Getting from point A to point B sounds simple enough. Pull out of your driveway, turn left, turn right, turn left…(1) Yet as many a traveling salesperson has taught us, finding the best route is not a simple task. When you add in multiple competing factors, evaluating the cost of the route and determining the “best” path is not an easy task. Today we are going to take the first step in getting those routes by extracting map data.
Map data: What do we care about?
For any given route(2) what data do we care about and how do we characterize it? The primary categories are physical data (distance, elevation) and road characteristics (speed limits, stop signs, turns). Additional data such as traffic patterns will be modeled in a future human factors post.
|Distance||Linear distance of each|
|Does not include lane|
changes or turning radius
|Elevation||Running elevation at each |
point in the route
|Can also be expressed|
as the slope at each point
|Speed limit||Posted speed limit||The actual average speed |
will be determined in later stages
|Traffic lights||What is the periodicity of the|
lights and the red/green ratio
|Timing of the lights can |
have a dramatic effect on MPG
|Turns||Right and left turns||Turning slows down the vehicle|
and impacts MPG.
To start this off I use my first professional commute from Farmington Hills, MI to Warren, MI at the General Motors Technical Center.(3) This is primarily a highway drive and because of that, easiest to get data on. So how are we going to get this data?
Getting the data from the Google Maps API requires three queries:
- Distances: Translating Lat and Lon into meters or miles
- Elevations: Those ups and downs
- Roads: Used to get both the speed limits and the signage
From tables to algorithms
For my starting point I used a static query, e.g. I downloaded the full route in one batch. The result is a 10,000+ entry point table set at 2-meter resolution.(6)
|LAT||Long||delta X |
What is “Ahead”?
For my eventual model I added in a category of “ahead.” Ahead is calculated based on the position of a stop sign or turn, the posted speed limit, and a human factor of “driver aggression.” For safe drivers the “Ahead” will toggle early, leading to a reasonable deceleration.
More routes different data
Several years later, my wife and I moved to Ann Arbor, MI, a small college town (home of the University of Michigan). During our Ann Arbor days, I had 2 commutes; first, an “in-town” route to ADI (Applied Dynamics International), the other a mix of highway and surface streets to Ford Research. The in-town transit will be of interest for the high number of “starts and stops” while the highway commute to Ford Research, where I worked on full vehicle simulations to predict fuel economy, will act as a validation point of the earlier GM commute.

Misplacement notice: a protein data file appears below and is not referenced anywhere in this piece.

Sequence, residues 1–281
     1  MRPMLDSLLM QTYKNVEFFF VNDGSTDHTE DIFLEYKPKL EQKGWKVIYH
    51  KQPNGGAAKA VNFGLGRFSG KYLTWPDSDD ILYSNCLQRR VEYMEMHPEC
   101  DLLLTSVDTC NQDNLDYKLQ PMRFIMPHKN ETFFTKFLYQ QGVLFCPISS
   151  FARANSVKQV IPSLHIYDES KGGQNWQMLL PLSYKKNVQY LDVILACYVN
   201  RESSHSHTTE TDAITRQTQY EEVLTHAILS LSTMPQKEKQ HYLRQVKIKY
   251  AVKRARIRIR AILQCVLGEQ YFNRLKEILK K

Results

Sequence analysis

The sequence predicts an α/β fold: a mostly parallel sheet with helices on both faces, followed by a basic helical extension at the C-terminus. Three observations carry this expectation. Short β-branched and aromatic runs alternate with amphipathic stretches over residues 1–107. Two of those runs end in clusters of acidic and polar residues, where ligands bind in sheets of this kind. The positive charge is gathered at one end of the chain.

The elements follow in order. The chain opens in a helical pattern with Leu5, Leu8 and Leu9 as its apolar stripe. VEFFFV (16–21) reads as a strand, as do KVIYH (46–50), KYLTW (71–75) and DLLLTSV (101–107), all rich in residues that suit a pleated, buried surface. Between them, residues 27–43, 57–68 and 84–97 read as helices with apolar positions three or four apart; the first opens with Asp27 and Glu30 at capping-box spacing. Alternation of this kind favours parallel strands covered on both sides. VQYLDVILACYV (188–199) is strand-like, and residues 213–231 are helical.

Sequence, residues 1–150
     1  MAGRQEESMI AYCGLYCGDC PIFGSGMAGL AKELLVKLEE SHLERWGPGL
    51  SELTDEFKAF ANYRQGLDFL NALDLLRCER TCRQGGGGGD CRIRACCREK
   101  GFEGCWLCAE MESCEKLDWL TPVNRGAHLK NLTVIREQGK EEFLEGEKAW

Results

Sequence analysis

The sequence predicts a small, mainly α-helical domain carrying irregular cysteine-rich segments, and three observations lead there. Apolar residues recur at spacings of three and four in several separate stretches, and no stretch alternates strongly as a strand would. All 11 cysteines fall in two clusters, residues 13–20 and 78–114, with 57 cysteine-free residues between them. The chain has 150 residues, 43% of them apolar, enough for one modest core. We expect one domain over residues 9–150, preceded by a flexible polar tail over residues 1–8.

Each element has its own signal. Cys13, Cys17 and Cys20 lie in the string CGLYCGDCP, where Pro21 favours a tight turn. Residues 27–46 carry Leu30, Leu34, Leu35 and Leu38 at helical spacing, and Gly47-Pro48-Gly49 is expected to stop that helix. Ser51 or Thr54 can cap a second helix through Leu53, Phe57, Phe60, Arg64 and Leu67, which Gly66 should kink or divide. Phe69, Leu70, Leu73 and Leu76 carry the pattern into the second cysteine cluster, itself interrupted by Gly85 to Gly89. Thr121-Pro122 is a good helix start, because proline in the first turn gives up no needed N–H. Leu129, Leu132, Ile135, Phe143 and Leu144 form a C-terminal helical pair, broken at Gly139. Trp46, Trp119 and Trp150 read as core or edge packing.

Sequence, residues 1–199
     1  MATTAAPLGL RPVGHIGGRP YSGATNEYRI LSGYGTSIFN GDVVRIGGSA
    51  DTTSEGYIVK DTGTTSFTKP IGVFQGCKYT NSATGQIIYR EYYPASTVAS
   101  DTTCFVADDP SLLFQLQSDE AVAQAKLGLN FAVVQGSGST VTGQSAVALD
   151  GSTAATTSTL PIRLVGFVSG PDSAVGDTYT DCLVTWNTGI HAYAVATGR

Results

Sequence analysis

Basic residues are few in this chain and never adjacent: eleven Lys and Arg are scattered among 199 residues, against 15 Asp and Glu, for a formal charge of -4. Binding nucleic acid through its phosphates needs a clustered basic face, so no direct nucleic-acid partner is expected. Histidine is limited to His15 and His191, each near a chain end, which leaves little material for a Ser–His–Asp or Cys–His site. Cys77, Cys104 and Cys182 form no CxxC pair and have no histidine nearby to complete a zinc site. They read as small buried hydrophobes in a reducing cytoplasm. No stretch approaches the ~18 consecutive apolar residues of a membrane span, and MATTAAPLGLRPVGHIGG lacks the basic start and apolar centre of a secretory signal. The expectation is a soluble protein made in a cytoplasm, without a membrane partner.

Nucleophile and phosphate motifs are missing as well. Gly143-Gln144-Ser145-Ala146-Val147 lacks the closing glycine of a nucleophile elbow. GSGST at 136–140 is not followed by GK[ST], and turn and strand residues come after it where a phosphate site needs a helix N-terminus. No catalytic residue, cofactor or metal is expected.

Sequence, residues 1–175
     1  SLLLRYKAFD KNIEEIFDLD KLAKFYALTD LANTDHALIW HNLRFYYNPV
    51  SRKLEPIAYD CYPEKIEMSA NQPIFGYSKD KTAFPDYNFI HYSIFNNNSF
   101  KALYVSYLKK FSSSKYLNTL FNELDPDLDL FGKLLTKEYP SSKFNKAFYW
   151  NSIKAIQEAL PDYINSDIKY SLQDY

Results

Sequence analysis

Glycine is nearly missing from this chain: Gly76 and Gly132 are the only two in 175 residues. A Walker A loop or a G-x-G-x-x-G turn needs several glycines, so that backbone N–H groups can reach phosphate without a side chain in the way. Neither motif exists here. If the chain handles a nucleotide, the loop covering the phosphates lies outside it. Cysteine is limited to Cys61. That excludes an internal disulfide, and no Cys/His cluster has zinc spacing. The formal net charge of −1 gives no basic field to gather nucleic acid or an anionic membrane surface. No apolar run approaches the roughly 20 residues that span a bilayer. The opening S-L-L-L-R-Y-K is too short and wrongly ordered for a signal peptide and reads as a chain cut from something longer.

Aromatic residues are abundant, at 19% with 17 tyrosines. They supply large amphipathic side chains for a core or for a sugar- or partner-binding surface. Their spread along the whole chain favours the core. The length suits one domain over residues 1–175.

In the next post I will build up the physics model and then run it in a traffic free version of these maps.
- When my wife and I lived in the Boston area we joked that directions between any two points could be given just by referencing Dunkin Donuts. E.g. turn right at the first DD, turn left at the 3rd DD on your left; this was not far from the truth.
- We will cover multiple routes in a future post.
- I worked on my first full vehicle simulation H.I.L. system for GM on a project known as SimuCar. This is also the time period when I met my wife, Deborah, a great start to a wonderful life.
- This post is centered around the US; there are other download sites for the rest of the world.
- I selected Google Maps due to familiarity with the API; the others listed could be used with equal success. For other examples, these demos will give you a good start.
- I selected 2 meters resolution for processing speed, based on a 1/2 car length estimate. In later posts I will examine how the map resolution effects the MPG estimates.